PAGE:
52. 52. I/O Manager Functions (continued) This function is used to ask ioman to flush all sectors to disc that are in a specific range. For example you might want to flush a specific range of your filesystem without needlessly disturb other parts. The range is address low <= n => address high . Off course only sectors that are marked as writable are flushed to disc. ioman flushAll esint8 (IOManager *ioman) This function will cause ioman to flush out all cache units that are marked writable. If they do not have any users, they will lose their writable mark. 6.5 C library for EFSL This section of the manual describes the minimalistic C library functions that were created for EFSL. Since EFSL was designed for ultimate portability, no assumptions about the workings or even the presence of a C library could be made. Fortunately only very few functions had to be created that mimicked the operations of well known C library functions. PLibC Functions strMatch euint16 strMatch(eint8* bufa, eint8*bufb,euint32 n) This function compares the strings bufa and bufb for n bytes. It will return the number of bytes in that section that does not match. So if you want to compare two strings the return value should be 0, for the strings to match over the entire n area. memCpy void memCpy(void* psrc, void* pdest, euint32 size) This function will copy the contents at location psrc to location pdest over a range of size bytes. memClr void memClr(void *pdest,euint32 size) This function will set the memory at pdest to value 0x00 for a range of size bytes. memSet void memSet(void *pdest,euint32 size,euint8 data) This function will set the memory at pdest to value data for a range of size bytes. 52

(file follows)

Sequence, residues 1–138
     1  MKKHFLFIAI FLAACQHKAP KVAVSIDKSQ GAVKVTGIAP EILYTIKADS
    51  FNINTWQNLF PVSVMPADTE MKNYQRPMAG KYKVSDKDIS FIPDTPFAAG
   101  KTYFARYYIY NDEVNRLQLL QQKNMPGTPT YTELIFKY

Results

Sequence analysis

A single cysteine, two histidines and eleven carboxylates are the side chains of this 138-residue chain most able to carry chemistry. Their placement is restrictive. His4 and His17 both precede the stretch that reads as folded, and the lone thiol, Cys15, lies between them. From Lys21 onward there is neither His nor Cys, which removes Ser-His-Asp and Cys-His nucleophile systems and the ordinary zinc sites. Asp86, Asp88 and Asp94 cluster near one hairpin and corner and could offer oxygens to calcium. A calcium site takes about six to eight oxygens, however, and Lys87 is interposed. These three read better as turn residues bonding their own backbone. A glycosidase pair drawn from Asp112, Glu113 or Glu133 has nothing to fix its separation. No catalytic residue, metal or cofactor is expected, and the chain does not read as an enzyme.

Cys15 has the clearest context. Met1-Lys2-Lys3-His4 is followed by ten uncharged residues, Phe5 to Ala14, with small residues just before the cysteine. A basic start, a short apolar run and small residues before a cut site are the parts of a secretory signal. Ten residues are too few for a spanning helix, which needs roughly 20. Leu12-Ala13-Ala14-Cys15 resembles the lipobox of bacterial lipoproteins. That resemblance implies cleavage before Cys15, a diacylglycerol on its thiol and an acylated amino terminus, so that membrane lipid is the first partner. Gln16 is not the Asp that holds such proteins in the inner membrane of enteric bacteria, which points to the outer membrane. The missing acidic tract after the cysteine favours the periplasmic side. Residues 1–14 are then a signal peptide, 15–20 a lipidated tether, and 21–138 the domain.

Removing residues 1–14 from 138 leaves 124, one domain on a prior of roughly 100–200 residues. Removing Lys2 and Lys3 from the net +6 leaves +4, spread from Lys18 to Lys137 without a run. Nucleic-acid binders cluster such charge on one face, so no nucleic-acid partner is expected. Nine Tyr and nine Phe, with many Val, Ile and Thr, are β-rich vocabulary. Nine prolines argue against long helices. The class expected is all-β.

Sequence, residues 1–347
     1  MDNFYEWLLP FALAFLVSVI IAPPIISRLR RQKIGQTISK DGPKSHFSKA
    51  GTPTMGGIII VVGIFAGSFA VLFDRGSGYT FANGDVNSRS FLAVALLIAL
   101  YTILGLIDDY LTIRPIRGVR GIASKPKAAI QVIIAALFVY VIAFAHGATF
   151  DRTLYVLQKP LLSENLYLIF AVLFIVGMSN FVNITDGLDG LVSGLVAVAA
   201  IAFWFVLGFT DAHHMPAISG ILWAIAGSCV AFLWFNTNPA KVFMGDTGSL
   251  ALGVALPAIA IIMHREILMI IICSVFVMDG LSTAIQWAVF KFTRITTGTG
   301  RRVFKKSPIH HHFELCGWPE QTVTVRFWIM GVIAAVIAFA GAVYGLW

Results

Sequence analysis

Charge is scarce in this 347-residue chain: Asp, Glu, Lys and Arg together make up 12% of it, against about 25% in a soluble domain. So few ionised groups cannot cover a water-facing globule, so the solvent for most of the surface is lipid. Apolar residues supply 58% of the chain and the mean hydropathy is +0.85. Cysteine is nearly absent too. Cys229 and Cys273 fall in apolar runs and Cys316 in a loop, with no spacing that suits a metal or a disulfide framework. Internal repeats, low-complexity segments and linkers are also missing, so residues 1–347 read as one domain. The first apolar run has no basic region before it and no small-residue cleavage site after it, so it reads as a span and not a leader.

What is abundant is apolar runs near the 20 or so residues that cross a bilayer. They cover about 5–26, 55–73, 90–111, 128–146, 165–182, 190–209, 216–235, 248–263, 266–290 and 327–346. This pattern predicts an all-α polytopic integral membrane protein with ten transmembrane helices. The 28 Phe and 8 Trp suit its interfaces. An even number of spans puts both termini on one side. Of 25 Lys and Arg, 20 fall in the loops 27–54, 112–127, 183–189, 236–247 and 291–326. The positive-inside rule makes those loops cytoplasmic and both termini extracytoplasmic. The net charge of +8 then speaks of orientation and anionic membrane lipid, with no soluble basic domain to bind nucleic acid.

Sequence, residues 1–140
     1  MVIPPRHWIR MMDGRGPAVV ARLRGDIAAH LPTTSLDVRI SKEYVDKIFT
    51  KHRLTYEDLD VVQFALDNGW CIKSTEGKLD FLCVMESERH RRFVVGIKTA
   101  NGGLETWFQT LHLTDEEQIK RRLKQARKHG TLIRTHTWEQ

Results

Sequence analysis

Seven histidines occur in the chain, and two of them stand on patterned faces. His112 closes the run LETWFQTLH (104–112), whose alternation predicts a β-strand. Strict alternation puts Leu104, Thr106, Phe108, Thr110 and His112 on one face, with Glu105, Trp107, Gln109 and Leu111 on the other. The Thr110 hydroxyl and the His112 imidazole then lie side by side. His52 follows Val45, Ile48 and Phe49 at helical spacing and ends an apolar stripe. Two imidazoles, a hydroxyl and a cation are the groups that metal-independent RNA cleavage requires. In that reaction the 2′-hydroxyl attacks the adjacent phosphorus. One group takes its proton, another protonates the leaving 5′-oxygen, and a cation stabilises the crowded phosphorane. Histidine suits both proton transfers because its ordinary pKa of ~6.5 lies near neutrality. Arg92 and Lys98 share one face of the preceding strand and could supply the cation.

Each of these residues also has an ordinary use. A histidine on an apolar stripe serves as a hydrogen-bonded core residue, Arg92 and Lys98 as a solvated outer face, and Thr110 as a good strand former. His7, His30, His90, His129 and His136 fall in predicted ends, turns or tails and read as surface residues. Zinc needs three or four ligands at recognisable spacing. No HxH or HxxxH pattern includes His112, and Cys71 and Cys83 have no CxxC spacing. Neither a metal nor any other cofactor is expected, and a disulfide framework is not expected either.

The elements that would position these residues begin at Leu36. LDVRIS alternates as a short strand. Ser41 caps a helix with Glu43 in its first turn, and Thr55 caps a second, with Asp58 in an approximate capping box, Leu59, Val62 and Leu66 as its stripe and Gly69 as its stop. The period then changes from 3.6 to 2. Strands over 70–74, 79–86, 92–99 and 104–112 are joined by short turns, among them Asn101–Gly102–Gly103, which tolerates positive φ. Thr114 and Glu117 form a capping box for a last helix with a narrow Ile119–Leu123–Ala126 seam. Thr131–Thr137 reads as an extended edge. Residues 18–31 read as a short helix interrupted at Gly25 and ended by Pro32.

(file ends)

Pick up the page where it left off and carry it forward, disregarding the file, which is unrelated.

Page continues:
53. 53. 7 Legal notes This library is subject to the Lesser General Public License version 2.1. We have chosen this license in stead of the BSD license because we feel strongly that more effort was needed in the field of quality software in the embedded field. Please note that if you make changes to the library itself, those modifications must be made public, but that writing support for new hardware and linking it into the library, does not fall under this category. However, we would off course appreciate it tremendously if you would send us in code to support new hardware. 7.1 GNU Lesser General Public License GNU LESSER GENERAL PUBLIC LICENSE Version 2.1, February 1999 Copyright (C) 1991, 1999 Free Software Foundation, Inc. 51 Franklin St, Fifth Floor, Boston, MA 02110-1301 USA Everyone is permitted to copy and distribute verbatim copies of this license document, but changing it is not allowed. [This is the first released version of the Lesser GPL. It also counts as the successor of the GNU Library Public License, version 2, hence the version number 2.1.] Preamble The licenses for most software are designed to take away your freedom to share and change it. By contrast, the GNU General Public Licenses are intended to guarantee your freedom to share and change free software--to make sure the software is free for all its users. This license, the Lesser General Public License, applies to some specially designated software packages--typically libraries--of the Free Software Foundation and other authors who decide to use it. You can use it too, but we suggest you first think carefully about whether this license or the ordinary General Public License is the better strategy to use in any particular case, based on the explanations below. When we speak of free software, we are referring to freedom of use, not price. Our General Public Licenses are designed to make sure that you have the freedom to distribute copies of free software (and charge for this service if you wish); that you receive source code or can get it if you want it; that you can change the software and use pieces of it in new free programs; and that you are informed that you can do these things. To protect your rights, we need to make restrictions that forbid 53